With an entrenched mythology related to peacefulness and cooperation, a popular global reputation for model livability (alongside being boring), and historical crime rates amongst the lowest in the world, Canada cannot be said to seethe with a sense of murderousness. Its genres of storytelling, however, conjure an alternate reality.
From multi-genre works of fiction—ranging from Michael Winter’s The Death of Donna Whalen, Lynn Crosbie’s Dorothy L’Amour, and R.M. Vaughan’s Spells to Eden Robinson’s Blood Sports, George Elliott Clarke’s George & Rue, and Margaret Atwood’s Maddaddam—to poetry, graphic series/novels, drama, popular history, and media (including, but not limited to, film and television), there is a preponderance of meditations on and depictions of murderous acts—homicide, suicide, genocide—in Canadian litero-creative enterprise.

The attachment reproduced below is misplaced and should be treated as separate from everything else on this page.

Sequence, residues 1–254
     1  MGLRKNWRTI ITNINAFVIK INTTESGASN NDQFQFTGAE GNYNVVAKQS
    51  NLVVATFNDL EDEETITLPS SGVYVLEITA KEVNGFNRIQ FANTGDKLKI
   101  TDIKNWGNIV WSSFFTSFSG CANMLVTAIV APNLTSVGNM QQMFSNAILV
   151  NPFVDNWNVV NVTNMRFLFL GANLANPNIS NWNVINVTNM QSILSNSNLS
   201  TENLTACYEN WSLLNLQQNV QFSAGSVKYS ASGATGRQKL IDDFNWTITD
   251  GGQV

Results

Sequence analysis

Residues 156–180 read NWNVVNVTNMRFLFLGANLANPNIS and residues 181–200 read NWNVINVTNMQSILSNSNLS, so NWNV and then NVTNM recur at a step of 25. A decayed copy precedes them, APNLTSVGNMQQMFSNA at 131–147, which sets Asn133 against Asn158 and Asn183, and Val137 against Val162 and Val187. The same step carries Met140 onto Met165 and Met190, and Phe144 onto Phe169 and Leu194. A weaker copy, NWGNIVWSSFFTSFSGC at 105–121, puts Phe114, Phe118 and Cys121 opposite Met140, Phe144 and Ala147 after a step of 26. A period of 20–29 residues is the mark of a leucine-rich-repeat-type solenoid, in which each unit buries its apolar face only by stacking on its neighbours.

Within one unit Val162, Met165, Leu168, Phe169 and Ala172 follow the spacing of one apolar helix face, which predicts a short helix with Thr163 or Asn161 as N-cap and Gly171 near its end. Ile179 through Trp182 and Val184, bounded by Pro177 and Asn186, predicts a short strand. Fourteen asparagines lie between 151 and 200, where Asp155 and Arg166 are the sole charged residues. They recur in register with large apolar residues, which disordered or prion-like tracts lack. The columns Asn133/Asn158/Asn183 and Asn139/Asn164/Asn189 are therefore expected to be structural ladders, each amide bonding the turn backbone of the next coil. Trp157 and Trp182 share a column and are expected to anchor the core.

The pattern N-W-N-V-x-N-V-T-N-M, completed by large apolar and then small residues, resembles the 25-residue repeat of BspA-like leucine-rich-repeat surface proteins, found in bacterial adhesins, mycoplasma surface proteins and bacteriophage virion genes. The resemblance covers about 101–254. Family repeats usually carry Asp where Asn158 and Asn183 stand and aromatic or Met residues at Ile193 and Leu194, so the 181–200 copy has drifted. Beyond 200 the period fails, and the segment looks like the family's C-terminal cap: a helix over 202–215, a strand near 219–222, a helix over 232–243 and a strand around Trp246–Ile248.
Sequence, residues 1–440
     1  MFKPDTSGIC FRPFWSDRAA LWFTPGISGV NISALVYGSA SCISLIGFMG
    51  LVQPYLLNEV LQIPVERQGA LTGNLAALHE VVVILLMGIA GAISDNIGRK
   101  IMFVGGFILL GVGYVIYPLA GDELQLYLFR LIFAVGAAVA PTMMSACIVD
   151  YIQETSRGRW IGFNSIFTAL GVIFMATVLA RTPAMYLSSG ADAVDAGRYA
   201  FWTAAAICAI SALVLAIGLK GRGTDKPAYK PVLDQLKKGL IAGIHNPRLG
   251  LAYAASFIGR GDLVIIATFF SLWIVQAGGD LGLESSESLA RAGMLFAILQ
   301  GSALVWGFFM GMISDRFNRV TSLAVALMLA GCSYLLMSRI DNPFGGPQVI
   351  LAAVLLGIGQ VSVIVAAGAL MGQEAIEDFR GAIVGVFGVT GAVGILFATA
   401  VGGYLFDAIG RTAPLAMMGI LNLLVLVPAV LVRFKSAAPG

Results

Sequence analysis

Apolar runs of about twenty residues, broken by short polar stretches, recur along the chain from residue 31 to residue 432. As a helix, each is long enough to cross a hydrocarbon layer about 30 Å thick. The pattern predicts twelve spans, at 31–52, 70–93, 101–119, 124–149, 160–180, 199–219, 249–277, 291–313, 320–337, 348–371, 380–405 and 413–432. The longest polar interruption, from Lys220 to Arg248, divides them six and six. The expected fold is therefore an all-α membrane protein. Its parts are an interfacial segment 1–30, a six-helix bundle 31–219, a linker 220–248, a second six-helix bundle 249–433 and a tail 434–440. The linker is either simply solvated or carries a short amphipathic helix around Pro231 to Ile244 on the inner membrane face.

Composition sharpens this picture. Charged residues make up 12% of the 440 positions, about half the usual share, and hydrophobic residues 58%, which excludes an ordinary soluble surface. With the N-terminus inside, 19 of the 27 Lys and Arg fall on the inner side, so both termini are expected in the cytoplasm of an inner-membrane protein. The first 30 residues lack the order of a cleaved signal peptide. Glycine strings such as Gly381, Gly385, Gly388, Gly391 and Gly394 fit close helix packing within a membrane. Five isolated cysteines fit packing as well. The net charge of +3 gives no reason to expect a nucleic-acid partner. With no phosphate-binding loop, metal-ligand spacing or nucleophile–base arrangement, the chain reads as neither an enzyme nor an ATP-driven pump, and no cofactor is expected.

Amongst the questions raised by the abundance of forms representing and/or reflecting on murder is “What does murder signify?” If, after Alan Sinfield, these assorted works embody forms of cultural reproduction (re: “Societies have to reproduce themselves culturally as well as materially, and this is done in great part by putting into circulation stories of how the world goes”), what murder-themed accounts of ‘how Canada goes’ are being put into circulation and to what result?
The editors of The Matter of Murder have an agreement for publication with Wilfrid Laurier University Press.
Topics/approaches that might be taken into consideration:
· Representation of social and economic class
· Sexuality and gender
· Geo-politics, governmental structure, ideology, knowledge
· Community, ethnicity, race, territory, region, urban/rural
· Spirituality, religion, mythology, history
· Consumerism, media, popular culture
· Cross-genre comparison
Please send a brief query and/or a 300-word (maximum) proposal to
email@example.com by February 1, 2014 and include a bio-bibliographical note. Accepted essays will be due September 1, 2014 and should be between 4000 and 6000 words.
Brett Josef Grubisic and Gisèle M. Baxter, eds. The Matter of Murder
Department of English,
University of British Columbia
397-1873 East Mall, Vancouver, BC Canada V6T 1Z1
Categories: Non ACCUTE CFPs